Warning symptoms of a potential serious illness like colorectal cancer can include bleeding during passage of stool.
Q. I am concerned about my mother who is in her mid-50s. She recently mentioned she was having constipation and there was blood in her stool when she eventually managed to move her bowels.
She also said she was having back pain. I'm not sure if it was in the kidney or liver area. Recently, she has also been more afraid of the cold than usual. Here are some details on her lifestyle.
At work, she will usually have only fruit for lunch. This is usually in the form of a fruit salad, which can include guavas, apples and pears. She returns home from work at around 7.30pm and will busy herself with household chores. She then takes a shower before sitting down for dinner at 9pm.
For dinner, she takes large portions of rice and other dishes, typically meat and vegetable from hawker stalls. She usually finishes her dinner around 10pm. She has a preference for sweetened drinks - not carbonated types, but packet drinks such as lemon tea or chrysanthemum tea. I am not sure how much water she drinks throughout the day and at work. After dinner, she will either tend to more household chores or rest for a while before sleeping at midnight.
Her last check-up about two years ago showed that everything was normal. I would like to know what is causing her constipation, blood in her stool and back pain.
Are they symptoms which are early warning signs of potential major illnesses? What are these illnesses? What are the other warning signs to look out for? Can things be corrected at this stage? What are the steps that should be taken to improve the situation and her lifestyle?
Regarding her being more afraid of the cold, is she just suffering from physical exhaustion? Who should I consult to diagnose her overall health?
I am very worried, given that it is not easy to convince her to change her habits or to take time off to see the doctor for a check-up. I would appreciate some advice on the situation.
Warning symptoms of a potential serious illness include bleeding during passage of stool, persistent abdominal pain, weight loss, vomiting and abdominal distension.
As your mother is in her mid-50s and given her recent symptoms of constipation with passage of blood in her stool, it is pertinent that she undergo evaluation to exclude the possibility of colorectal cancer.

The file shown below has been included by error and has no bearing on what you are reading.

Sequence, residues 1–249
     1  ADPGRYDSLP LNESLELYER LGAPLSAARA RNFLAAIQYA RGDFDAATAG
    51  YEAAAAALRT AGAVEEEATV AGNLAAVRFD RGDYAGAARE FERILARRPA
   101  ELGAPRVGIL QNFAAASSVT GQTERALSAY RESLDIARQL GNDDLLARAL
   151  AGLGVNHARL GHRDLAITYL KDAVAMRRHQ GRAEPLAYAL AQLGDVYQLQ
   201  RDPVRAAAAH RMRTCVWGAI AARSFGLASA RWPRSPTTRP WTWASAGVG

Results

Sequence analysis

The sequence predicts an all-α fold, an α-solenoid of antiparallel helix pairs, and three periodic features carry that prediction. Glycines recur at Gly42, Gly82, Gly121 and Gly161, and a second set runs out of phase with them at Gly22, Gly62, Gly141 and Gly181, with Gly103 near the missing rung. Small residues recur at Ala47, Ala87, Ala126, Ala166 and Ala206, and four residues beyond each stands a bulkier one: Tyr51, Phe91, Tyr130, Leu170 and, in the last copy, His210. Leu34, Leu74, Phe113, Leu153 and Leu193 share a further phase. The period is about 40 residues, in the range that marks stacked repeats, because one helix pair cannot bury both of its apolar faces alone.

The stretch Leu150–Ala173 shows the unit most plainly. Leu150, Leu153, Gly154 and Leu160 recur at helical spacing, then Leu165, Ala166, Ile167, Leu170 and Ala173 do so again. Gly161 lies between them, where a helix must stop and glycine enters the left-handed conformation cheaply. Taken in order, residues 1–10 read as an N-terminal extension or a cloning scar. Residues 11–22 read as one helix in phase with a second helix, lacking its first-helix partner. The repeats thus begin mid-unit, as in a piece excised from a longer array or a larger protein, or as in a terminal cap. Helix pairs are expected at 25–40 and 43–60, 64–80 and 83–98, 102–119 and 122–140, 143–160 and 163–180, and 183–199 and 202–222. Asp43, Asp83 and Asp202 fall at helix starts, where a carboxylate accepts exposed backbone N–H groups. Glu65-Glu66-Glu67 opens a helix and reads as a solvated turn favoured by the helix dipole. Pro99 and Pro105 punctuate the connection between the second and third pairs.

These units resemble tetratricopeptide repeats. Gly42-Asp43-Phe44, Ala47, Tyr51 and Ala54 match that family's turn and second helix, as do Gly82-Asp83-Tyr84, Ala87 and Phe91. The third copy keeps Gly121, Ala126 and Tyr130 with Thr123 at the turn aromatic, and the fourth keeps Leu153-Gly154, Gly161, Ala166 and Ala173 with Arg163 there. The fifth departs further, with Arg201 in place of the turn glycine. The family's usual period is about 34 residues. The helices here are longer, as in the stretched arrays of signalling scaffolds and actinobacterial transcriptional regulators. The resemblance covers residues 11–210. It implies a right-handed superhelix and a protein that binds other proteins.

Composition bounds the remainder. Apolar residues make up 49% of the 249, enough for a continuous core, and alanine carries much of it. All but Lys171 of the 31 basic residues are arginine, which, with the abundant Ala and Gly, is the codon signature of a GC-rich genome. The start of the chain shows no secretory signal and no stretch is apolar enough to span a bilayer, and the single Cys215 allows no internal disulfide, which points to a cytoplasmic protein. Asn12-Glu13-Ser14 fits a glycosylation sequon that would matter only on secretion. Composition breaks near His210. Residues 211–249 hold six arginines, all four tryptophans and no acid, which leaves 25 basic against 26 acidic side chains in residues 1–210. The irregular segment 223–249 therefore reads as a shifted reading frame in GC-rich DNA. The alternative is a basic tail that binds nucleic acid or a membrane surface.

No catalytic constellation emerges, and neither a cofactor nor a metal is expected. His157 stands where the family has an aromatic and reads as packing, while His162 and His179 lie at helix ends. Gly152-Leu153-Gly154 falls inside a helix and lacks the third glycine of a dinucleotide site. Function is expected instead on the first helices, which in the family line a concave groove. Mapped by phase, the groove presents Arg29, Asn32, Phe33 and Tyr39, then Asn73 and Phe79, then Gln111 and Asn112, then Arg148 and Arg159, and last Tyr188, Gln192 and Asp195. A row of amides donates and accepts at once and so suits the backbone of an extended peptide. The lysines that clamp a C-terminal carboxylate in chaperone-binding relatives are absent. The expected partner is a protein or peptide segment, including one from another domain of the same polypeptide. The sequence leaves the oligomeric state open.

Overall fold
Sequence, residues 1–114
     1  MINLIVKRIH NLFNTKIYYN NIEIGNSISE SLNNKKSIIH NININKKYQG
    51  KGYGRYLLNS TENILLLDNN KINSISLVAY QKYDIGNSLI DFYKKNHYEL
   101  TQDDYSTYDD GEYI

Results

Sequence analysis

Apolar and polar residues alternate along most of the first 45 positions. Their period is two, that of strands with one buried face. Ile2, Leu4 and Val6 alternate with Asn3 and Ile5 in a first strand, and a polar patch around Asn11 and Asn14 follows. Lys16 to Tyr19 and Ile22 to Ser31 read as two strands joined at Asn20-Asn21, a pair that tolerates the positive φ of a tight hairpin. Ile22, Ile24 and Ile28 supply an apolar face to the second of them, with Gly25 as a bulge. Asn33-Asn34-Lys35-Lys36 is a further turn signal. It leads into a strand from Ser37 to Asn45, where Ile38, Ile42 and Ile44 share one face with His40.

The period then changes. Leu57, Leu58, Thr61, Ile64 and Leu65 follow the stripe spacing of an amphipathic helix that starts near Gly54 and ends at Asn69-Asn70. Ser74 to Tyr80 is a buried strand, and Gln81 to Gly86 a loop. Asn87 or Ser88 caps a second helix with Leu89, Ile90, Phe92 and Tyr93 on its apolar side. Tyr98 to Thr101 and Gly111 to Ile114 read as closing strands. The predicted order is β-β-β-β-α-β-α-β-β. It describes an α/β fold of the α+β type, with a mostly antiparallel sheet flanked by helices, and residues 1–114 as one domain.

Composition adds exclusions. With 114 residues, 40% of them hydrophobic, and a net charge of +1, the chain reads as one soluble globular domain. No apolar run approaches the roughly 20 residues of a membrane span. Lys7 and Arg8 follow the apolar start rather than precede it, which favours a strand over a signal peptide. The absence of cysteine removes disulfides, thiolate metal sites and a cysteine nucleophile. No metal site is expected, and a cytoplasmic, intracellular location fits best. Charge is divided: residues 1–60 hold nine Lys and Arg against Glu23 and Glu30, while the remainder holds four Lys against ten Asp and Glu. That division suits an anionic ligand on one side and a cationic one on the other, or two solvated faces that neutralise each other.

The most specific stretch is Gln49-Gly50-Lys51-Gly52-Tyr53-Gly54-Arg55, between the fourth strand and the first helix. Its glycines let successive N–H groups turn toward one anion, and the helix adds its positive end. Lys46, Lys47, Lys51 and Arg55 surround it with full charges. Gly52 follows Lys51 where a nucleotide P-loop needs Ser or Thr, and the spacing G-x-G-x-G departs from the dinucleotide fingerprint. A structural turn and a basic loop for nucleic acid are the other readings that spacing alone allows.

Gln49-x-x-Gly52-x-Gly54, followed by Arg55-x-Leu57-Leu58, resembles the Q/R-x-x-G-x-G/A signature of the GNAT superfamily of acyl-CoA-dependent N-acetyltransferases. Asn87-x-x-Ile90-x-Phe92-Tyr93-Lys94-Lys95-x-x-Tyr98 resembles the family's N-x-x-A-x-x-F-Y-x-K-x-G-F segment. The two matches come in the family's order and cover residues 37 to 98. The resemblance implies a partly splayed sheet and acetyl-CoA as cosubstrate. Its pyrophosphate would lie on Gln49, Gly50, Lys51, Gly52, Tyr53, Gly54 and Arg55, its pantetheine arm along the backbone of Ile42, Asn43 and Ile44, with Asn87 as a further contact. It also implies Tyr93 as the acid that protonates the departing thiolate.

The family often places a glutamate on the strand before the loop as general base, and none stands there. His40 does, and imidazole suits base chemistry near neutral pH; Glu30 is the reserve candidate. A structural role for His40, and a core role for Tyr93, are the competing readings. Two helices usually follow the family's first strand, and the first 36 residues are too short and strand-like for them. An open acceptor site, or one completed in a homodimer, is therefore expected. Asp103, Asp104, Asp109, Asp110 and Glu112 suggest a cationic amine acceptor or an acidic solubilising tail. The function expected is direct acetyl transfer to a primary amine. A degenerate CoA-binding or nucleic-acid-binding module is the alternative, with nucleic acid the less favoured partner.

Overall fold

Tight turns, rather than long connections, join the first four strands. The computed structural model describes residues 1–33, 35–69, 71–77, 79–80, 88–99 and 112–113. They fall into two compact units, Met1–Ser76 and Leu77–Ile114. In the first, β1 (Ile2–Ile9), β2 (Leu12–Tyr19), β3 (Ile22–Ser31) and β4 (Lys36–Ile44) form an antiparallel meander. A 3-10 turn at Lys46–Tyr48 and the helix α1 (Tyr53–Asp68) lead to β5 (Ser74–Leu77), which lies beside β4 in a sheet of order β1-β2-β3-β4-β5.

The most appropriate test to diagnose this condition will be colonoscopy, which involves examining the large intestine using a flexible tube with a small camera inserted through the anus. Through colonoscopy, tissue samples can be obtained to check for cancer.
For the prevention of colorectal cancer, the public is encouraged to go for screening before symptoms appear to detect cancer in the early stage or even at the pre-malignant stage, where polyps can be removed to prevent cancer development.
Besides colorectal cancer, other important conditions to consider for people in your mother's age group would be diverticular disease (inflamed colon wall pouches) and ischaemia (lack of blood supply) to the bowels.
Both these conditions may not have any early warning signs, but they can be diagnosed through radiologic tests such as computed tomography scans.
Given your mother's history of cold intolerance with constipation, she should also be checked for low levels of thyroid hormone (hypothyroidism) through a blood test.
However, this condition alone will not explain her bleeding during bowel movements.
An X-ray of her spine should be performed to determine the cause of her back pain.
Before medical help can be offered to improve your mother's health, tests to arrive at a correct diagnosis should be expedited.
I would recommend that she make an appointment as soon as possible with a polyclinic doctor or general practitioner, who would be able to assess her symptoms thoroughly and recommend the appropriate tests.
For general advice on her dietary habits, I would suggest that she have three regular meals and consume her dinner earlier to allow adequate time for digestion before sleeping. She should also limit consumption of soft drinks with a high refined sugar content, which can contribute to unhealthy weight gain.
Dr Kelvin Thia
Consultant gastroenterologist at Raffles Internal Medicine Centre at Raffles Hospital
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